Lincoln Point: Historical Resort and Modern Recreation Hot Spot
The 42 acre Lincoln Point property is north of and adjacent to the Utah County Lincoln Beach park and boat harbor.
The earliest development on the property began less than forty years after the first pioneer settlers came to Utah Valley. About 1889, John Hallet took settlement money from a mining accident that severely disabled him and invested in a house and an outdoor dance facility. The remains of that stone house can still be seen about 400 feet north of the boat launch ramp (see photo below). Due to his physical handicaps Hallet could not manage the property and sold to Hyrum Argyle.
Argyle’s vision was to build a destination resort. In addition to the dance facility, he constructed a swimming pool which was supplied with mineral water from the several hot springs. Also, a bath house, store and saloon, and a large guest house with six or seven rooms to accommodate overnight visitors. A wooden pier extended 100 feet out into the lake where boats were offered for hire.
“Lincoln Beach, the new bathing resort at the point
of the mountain west of this city is now in running
order. They have eight bath houses and twenty-five
suits on hand. A pier 100 yards long is being built
out into the lake, at the end of which a large
platform will be built for the benefit of bathers
and spectators. The steamer Helen of Provo had
been engaged to run between that place and Lincoln
Beach on Sunday next at 25c for the round trip, and
in addition they have a number of row boats [sic] for
hire. Refreshments in the shape of ice cream, soda
water, etc. will be provided, and a general good time
is expected.” — The Spanish Fork Sun, July 14th, 1892.
“Church Chronology” by Andrew Jensen under the date of August 6, 1892 reads: “Lincoln Beach, 10 miles northwest of Payson, Utah County, was opened as a pleasure resort.” The distance from populations centers over primitive roads evidently limited the number of paying customers so Argyle eventually moved the buildings to his home in Lake Shore and abandoned his project.
In 1915, Henry Fernsten began developing the property anew. He built a cement swimming pool, the remains of which can still be seen, full of phragmites (see photo below), a new bath house and other facilities. Trees were planted and attractive picnic locations were provided. Fernsten enjoyed success for about 15 years. Then, he went to Colorado on business and disappeared without a trace. His family believes he may have been killed.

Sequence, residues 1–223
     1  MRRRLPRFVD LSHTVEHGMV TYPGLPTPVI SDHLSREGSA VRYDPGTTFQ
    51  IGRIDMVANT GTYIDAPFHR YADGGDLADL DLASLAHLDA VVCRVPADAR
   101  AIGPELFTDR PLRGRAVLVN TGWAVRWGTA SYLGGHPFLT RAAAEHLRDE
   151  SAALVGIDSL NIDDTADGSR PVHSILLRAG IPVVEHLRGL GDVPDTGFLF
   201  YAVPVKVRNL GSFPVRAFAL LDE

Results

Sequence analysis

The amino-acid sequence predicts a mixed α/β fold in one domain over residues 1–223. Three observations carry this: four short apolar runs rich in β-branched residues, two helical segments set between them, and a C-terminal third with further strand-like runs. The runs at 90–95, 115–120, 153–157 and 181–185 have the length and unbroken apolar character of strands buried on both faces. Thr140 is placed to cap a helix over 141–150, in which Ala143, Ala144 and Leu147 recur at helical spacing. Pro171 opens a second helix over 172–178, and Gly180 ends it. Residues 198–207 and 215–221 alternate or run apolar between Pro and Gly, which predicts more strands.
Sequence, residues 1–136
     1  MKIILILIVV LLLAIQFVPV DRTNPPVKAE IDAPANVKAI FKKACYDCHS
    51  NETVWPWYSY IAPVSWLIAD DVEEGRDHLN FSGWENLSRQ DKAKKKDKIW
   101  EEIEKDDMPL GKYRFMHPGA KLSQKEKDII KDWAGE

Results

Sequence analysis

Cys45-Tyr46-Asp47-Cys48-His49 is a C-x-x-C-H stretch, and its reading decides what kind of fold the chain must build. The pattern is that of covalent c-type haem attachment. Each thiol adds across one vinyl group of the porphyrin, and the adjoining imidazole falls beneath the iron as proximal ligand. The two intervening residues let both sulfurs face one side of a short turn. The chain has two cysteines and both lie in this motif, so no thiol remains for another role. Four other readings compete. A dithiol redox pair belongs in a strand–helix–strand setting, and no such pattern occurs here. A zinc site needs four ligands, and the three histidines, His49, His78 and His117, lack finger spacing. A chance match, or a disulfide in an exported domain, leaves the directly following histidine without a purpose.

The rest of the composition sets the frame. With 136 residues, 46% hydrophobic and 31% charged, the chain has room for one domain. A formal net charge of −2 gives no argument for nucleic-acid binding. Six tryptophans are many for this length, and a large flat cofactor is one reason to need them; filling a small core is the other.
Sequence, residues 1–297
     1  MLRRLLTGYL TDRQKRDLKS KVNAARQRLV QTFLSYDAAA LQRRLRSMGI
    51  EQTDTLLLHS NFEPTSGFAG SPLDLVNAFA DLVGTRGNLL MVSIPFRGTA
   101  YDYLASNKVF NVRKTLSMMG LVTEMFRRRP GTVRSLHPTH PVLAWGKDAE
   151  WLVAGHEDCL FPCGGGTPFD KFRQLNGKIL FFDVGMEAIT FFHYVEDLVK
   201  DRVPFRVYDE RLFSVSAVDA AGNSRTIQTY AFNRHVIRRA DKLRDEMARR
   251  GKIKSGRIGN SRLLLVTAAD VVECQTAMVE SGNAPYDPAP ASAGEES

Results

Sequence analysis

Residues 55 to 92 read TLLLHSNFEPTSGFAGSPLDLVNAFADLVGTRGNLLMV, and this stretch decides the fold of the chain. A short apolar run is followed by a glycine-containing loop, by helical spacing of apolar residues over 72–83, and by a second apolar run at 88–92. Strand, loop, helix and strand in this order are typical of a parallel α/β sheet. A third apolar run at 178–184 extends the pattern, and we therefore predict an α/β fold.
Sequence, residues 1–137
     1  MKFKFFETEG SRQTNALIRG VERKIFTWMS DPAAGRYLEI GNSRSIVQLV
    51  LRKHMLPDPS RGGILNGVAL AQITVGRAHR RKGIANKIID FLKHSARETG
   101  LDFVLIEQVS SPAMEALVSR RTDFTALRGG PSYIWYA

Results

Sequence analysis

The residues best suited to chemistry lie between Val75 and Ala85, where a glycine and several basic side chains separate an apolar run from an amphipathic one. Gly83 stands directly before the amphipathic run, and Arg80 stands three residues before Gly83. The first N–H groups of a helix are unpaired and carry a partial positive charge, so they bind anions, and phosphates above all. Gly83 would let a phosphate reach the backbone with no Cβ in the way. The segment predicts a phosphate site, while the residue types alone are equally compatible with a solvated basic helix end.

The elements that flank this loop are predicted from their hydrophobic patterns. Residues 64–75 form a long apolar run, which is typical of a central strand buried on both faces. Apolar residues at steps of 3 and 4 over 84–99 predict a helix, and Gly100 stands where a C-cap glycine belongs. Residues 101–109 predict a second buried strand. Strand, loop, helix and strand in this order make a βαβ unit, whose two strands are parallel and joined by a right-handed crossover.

A few years ago a son of Henry, Dan Fernsten, who then lived in California, visited Lake Shore historian Mattie Barney Cornaby and provided her with pictures which memorialize his father’s substantial efforts. Interestingly, Dan Fernsten married Olive, one of the Argyle daughters.
In 1957, through the combined efforts of Payson, Spanish Fork and Springville cities, a boat harbor was established just south of the Lincoln Point property.
During the past few years, a new and impressive development has taken place. Utah County, with the assistance and cooperation of the Utah Division of Wildlife Resources, has invested heavily to make the Lincoln Beach boat harbor more useful and attractive. The large crowds that visit Lincoln Beach park, especially on weekends and holidays, attest to the public benefit resulting from this investment.
With the recent acquisition by Utah County of the 17 acres on Lincoln Point, there are plans to improve this area for recreational access. To read more about the acquisition and provide ideas for the improvements, check out our Lincoln Beach expansion blog post.
*This post is summarized from historical documents provided by Utah County Public Works.